1911 Encyclopædia Britannica/Founding
FOUNDING (from Lat. fundere, to pour), the process of casting in metal, of making a reproduction of a given object by running molten metal into a mould taken in sand, loam or plaster from that object. To enable the founder to prepare a mould for the casting, he must receive a pattern similar to the casting required. Some few exceptions occur, to be noted presently, but the above statement is true of perhaps 98% of all castings produced. The construction of such patterns gives employment to a large number of highly skilled men, who can only acquire the necessary knowledge through an apprenticeship lasting from five to seven years. A knowledge of two trades at least is involved in the work of pattern construction—that of the craft itself and that of the moulder and founder. Patterns have to be constructed strongly. They are generally of wood, and they thus require skill in the use of woodworking tools and the making of timber joints, together with a knowledge of the behaviour of timber, &c. Some few patterns are made in iron, brass or white metal alloys. They have to be embedded in a matrix of sand by the founder, and being enclosed, they have to be withdrawn without inflicting any damage in the way of fracture in the sand. Since cast work involves shapes that are often very intricate, including projections and hollow spaces of all forms, it is obvious that the withdrawal of the patterns without entailing tearing up and fracture of the sand must involve many difficult problems that have to be as fully understood by the pattern-maker as by the moulder. It is from this point of view that the work of the pattern-maker should be approached in the first place. No closed mould can possibly be made without one or more joints, for if a pattern is wholly enclosed in a matrix of sand it cannot be withdrawn except by making a parting in the sand, and it is not difficult to conceive that the parting in the pattern might advantageously be made to coincide, either exactly or approximately, with that of the mould. Nor must obstacles exist to the free withdrawal of patterns. They must therefore not be wider or larger in the lower than in the upper parts; actually they are made a trifle smaller or “tapered.” Nor may they have any lateral extensions into the lower sand, unless these can be made to withdraw separately from the main portion of the pattern. Finally, there are many internal spaces which cannot be formed by a pattern directly in the sand, but provision for which must be made by some means extraneous to the pattern, as by cores.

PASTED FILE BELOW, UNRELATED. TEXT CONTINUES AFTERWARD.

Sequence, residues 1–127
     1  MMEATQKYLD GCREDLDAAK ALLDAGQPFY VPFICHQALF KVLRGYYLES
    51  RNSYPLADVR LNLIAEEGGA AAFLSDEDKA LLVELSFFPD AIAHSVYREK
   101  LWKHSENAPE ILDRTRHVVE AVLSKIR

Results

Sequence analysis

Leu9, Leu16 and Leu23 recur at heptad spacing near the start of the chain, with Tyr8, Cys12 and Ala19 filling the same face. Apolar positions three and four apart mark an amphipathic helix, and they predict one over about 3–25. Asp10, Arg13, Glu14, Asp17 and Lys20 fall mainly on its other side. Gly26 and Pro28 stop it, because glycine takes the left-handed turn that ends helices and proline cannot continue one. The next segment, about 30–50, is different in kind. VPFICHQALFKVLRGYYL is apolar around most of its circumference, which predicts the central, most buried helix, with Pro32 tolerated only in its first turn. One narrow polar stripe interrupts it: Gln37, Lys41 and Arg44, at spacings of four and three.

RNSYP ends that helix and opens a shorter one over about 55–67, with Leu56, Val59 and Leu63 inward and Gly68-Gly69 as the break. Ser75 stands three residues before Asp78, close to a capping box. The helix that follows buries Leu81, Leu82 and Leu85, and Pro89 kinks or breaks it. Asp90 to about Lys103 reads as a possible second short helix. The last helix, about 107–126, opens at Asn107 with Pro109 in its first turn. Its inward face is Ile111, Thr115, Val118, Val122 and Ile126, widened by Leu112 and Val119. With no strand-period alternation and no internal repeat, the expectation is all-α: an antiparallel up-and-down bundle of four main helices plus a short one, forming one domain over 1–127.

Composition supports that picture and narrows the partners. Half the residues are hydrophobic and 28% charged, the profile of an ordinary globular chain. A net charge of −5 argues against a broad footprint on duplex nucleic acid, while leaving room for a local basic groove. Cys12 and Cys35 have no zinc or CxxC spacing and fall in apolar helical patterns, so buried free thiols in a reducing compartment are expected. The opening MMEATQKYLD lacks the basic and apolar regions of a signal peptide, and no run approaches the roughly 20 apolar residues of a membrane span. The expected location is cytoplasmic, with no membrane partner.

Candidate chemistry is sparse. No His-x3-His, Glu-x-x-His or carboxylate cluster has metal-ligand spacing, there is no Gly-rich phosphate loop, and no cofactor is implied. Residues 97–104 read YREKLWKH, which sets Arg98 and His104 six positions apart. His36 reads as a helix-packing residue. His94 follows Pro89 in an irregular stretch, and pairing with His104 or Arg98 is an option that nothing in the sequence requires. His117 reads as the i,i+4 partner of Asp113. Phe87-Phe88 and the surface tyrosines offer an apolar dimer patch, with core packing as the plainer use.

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A single example must illustrate the main principles which have just been stated. The object selected is a bracket which involves questions of joints, of cores, of pattern construction and of moulding. The casting, the pattern, and its mould are illustrated. Fig. 1 illustrates in plan the casting of a double bracket, the end elevation of which is seen in fig. 2; the pattern of which presents obvious difficulties in the way of withdrawal from a mould, supposing it were made just like its casting. But if it be made as in fig. 3, with the open spaces A, B, in fig. 2, occupied with core prints, and the pieces A, A in fig. 3 left loosely skewered on, everything will “deliver” freely. Moreover the pattern might be made solidly as shown in fig. 3, or else jointed and dowelled in the plane a–a, as in fig. 4, or along the upper faces of the prints b–b, fig. 3. The timber shadings in figs. 3 and 4 illustrate points in the most suitable arrangement of material. The prints are “boxed up.” Fig. 4 shows a certain stage of the moulding, in which one half of the pattern has been “rammed” in sand, and turned over in the “bottom box,” and the upper half is ready to be rammed in the “top box,” with “runner pin” or “git stick” A, set in place. The lower loose piece has had its skewer removed during the ramming. Fig. 5 illustrates the mould completed and ready for pouring. The boxes have been parted, the pattern has been withdrawn, cores inserted in the impressions left by the prints, vents taken from the central body of cinders, the pouring basin made and the boxes cottered together.